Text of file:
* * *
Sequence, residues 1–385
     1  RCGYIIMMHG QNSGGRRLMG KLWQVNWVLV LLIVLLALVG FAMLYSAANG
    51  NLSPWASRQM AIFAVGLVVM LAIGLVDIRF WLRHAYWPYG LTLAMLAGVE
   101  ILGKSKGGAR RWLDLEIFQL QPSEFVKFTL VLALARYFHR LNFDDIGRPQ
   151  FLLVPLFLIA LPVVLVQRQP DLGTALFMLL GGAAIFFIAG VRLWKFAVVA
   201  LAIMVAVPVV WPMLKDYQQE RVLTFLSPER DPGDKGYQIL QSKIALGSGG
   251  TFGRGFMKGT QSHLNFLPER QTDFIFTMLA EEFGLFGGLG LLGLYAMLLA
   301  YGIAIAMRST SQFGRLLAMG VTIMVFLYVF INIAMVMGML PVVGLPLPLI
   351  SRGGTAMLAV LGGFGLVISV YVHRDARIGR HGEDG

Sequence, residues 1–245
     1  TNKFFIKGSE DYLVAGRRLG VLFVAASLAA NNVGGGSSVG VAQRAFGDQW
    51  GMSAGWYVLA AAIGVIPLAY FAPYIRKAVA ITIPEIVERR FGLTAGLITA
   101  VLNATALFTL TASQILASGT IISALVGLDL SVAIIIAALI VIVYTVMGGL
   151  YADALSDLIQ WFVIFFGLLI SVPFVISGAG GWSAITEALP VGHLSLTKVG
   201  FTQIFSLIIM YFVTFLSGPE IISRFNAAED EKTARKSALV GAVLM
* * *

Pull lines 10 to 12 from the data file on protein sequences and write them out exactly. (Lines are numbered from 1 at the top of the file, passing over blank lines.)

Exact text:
Sequence, residues 1–245
     1  TNKFFIKGSE DYLVAGRRLG VLFVAASLAA NNVGGGSSVG VAQRAFGDQW
    51  GMSAGWYVLA AAIGVIPLAY FAPYIRKAVA ITIPEIVERR FGLTAGLITA